What Will the President Do When His Policies Fail?

by Burt on October 27, 2009

The main problem with massive government intervention into the economy is that it produces more stagnation than growth.  Thus, when the massive intervention fails to reduce unemployment or stimulate economic growth in the long term, the leaders must come up with explanations for the failure.  Few of us are candid enough to admit we failed; we like to find others to blame.  Thus, the search for scapegoats is almost inevitable.  The question, then, is what will Obama do when his policies fail? 
I discuss this question at length in the November issue of The American Spectator and on Thursdays regularly with Rusty Humphries, an excellent talk radio host.  The recent attacks by various members of the Obama administration (and even Obama himself at one point) on FOX News and talk radio suggest the possible direction of future criticism.
Let’s turn to history, especially FDR, to look for clues on how leaders have scapegoated economic disaster.  When FDR, after launching the New Deal, faced persistently high unemployment and economic stagnation he had three responses.  The first response, which I will discuss today, is that he used businessmen as a scapegoat for supposedly thwarting recovery.  With high tax rates on income, corporations, and even the undistributed profits of corporations, most businessmen refused to risk their capital.  FDR denounced them, and even used the IRS against some of them (former Treasury Secretary Andrew Mellon in particular).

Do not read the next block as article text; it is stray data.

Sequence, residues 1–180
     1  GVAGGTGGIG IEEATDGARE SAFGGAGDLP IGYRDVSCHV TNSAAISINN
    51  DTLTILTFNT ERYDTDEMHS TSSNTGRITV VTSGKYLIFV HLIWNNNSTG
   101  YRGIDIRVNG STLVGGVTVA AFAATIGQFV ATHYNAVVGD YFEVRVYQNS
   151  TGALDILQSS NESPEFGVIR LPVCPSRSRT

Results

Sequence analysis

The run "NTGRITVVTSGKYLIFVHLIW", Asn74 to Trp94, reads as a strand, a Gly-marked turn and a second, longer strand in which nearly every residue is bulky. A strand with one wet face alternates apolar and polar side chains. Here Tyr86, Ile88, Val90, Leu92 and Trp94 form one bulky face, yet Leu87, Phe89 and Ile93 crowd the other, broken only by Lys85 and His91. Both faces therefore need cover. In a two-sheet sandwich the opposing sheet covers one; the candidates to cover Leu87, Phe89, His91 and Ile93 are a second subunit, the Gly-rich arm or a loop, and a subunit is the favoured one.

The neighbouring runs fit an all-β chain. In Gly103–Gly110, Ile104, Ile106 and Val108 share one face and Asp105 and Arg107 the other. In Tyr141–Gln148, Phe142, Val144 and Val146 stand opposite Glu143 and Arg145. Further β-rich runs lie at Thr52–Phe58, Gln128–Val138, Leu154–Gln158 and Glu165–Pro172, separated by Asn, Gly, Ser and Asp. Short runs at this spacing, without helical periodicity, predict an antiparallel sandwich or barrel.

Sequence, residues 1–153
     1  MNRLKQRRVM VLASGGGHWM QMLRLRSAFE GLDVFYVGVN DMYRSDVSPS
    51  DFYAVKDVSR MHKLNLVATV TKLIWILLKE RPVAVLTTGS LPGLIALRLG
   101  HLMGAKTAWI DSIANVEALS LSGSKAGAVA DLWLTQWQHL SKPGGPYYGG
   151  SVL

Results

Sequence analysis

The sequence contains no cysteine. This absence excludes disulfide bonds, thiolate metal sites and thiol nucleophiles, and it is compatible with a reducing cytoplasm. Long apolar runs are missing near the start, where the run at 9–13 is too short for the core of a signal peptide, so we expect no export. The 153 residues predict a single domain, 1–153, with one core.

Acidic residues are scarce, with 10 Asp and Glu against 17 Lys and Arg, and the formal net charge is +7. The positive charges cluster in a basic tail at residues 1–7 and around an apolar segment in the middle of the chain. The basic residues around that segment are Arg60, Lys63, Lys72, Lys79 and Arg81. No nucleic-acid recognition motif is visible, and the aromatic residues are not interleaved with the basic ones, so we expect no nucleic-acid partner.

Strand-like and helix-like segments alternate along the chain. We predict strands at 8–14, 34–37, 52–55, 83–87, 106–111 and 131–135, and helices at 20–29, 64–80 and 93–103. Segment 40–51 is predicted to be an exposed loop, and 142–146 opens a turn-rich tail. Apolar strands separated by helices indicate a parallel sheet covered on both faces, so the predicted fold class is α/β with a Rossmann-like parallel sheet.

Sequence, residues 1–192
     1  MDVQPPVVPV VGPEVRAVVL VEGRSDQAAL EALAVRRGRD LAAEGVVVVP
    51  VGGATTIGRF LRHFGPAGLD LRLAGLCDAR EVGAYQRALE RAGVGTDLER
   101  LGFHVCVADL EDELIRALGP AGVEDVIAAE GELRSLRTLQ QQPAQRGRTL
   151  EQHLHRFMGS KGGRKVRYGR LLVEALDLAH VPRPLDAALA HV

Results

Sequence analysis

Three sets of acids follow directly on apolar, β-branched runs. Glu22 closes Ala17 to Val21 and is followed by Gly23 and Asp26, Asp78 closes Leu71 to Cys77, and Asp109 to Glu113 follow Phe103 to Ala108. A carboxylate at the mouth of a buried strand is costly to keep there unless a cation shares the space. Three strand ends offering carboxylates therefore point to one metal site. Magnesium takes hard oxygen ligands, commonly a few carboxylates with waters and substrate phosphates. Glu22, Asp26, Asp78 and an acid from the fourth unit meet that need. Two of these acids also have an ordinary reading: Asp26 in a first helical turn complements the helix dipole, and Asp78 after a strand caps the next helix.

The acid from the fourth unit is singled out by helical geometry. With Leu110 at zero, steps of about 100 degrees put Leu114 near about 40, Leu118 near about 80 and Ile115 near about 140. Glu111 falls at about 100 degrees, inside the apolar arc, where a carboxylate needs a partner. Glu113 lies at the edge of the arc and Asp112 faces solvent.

President Obama has already adopted this scapegoat approach, but he is only at the criticism stage right now.  He started with President Bush, the alleged source of most economic trouble, and then, like FDR, shifted to businessmen.  They were allegedly benefiting from tax cuts and their salaries were outrageous.  With health care, Obama switched to insurance companies who were supposedly ripping off consumers.  Doctors as well, the president insisted, were removing tonsils and unnecessarily cutting off feet for loads of cash.
Recently, we have seen presidential advisors criticizing insurance companies and also the Chamber of Commerce for opposing his health care reform–and thus the president’s vision for economic recovery.  Interestingly, FDR also attacked the Chamber of Commerce and his motives for doing so were described by his speechwriter Ray Moley.  According to Moley, in conversation FDR “launched into a denunciation of bankers and business men and said that every time they made an attack on him, as they did in the Chamber of Commerce of the U. S., he gained votes and that the result of carrying on this sort of warfare was to bring the people to his support.”
Let’s hope that the ebb and flow of criticism from the Obama administration stays at the speech stage and does not escalate to the repression stage as it sometimes did with FDR.  With IRS audits and radio license renewal problems for political foes, FDR carried the debate from the “I disagree with you” stage to the “I’m shutting you down” stage.  Our Founders recognized the possibility of that second stage and wrote the First Amendment loud and clear to try to prevent that from happening in the United States.

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